According to the Medical Bureau of Road Safety, while alcohol still remains the most frequently detected intoxicant in driving in Ireland, cannabis is the second most frequently found intoxicant and its detection in drivers is continuing to increase, with cocaine being the third most commonly found intoxicant drug detected.
As the State’s 99,100km road network is extensive and varied, there is no ‘one size fits all’ solution for speed limits. A key deliverable of the Government’s Road Safety Strategy will review the framework for the setting of speed limits and consider the introduction of 30km/h default speed limit in urban areas. This will be a priority for action for both me and the Senior Officials Group early this year.
The Government’s Road Traffic and Roads Bill, which is expected to be passed shortly, will address a range of measures to enhance road safety. Legislation for e-scooters, e-bikes, and the antisocial use of scramblers will be addressed.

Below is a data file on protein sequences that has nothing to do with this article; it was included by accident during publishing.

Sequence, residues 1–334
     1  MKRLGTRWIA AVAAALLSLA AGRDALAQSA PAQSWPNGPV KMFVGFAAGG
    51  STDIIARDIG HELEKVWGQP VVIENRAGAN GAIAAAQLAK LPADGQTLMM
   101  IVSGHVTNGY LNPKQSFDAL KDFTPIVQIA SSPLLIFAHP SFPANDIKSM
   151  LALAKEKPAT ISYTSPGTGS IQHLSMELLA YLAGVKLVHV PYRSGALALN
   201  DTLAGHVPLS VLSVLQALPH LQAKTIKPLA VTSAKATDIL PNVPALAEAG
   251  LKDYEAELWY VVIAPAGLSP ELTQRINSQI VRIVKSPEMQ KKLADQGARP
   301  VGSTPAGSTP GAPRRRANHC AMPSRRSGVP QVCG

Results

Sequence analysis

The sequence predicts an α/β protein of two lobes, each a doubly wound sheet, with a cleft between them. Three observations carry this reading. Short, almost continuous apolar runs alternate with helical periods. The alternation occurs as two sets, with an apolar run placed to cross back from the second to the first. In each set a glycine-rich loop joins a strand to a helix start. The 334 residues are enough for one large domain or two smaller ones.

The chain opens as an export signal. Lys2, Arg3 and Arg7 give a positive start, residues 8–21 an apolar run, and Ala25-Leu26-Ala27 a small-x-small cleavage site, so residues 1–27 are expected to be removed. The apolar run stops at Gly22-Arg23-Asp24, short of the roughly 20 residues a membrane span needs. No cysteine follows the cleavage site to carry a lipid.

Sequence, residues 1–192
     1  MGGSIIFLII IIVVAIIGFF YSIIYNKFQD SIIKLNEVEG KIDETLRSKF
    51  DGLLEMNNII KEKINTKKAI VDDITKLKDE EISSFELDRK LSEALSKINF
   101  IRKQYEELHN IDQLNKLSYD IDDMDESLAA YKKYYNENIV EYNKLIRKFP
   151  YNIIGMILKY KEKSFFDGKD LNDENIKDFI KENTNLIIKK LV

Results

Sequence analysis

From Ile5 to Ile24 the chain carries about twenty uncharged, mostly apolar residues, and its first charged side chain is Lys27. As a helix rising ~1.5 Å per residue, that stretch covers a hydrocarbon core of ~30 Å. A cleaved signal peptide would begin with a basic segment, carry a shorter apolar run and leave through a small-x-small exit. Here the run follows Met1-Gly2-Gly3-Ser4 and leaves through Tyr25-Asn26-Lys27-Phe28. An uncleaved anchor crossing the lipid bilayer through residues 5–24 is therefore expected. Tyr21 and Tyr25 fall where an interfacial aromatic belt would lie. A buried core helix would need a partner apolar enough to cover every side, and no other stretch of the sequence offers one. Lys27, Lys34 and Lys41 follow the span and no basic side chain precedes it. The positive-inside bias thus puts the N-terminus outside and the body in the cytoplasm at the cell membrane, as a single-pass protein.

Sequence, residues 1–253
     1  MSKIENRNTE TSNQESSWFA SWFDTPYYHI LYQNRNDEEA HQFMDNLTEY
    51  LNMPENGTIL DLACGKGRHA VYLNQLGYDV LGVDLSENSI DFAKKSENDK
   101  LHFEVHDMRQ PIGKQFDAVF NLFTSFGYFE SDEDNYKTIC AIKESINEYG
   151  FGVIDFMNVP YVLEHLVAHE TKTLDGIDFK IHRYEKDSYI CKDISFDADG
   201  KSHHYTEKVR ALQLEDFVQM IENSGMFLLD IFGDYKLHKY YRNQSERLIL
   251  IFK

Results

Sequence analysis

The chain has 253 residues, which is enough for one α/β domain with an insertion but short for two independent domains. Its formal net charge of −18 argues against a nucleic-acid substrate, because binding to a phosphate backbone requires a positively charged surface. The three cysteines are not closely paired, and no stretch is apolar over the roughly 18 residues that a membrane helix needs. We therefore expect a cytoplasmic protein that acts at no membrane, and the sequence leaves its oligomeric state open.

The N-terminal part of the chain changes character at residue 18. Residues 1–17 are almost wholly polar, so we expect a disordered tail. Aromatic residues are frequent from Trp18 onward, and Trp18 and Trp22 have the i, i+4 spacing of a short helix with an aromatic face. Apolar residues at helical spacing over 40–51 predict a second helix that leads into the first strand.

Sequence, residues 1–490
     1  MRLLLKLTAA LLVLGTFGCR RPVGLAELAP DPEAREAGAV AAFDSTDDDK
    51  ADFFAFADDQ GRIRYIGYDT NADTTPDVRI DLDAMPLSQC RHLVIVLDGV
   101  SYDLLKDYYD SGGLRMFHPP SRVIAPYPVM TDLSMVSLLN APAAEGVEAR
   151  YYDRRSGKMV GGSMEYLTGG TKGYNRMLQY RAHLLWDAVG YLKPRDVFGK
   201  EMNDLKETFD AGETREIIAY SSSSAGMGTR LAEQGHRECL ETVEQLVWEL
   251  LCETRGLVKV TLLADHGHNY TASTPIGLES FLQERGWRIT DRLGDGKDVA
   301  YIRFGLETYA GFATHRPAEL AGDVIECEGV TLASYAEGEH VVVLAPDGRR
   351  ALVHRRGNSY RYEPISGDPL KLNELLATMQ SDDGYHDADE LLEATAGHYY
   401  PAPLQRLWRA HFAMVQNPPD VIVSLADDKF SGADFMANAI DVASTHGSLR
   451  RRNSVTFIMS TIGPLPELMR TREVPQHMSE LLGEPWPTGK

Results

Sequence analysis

Once the Bill is passed, as with any other class of vehicle, regulations will have to be made for the construction, equipment and use of e-scooters, and under EU law we must allow a three-month consultation period on the technical specifications before the regulations are brought in. It will only be legal to use e-scooters in a public place when these regulations are in place.
Amendments in the Bill will allow for the completion of the Irish Motor Insurance Database, which will assist in getting uninsured drivers off our roads. The Bill will also allow Transport Infrastructure Ireland to manage traffic better on the M50 and potentially other roads in the future, by varying speed limits at peak times to allow smoother traffic flow.
Reflecting back on the first year of the strategy, I am encouraged that there is a will to act. We can build on this progress by drawing on the wealth of data and analysis around driver behaviour, road conditions, and other factors which assist us in better understanding how and where collisions occur. This is about saving lives and preventing serious injuries for all who use our roads and I look forward to better outcomes in 2023.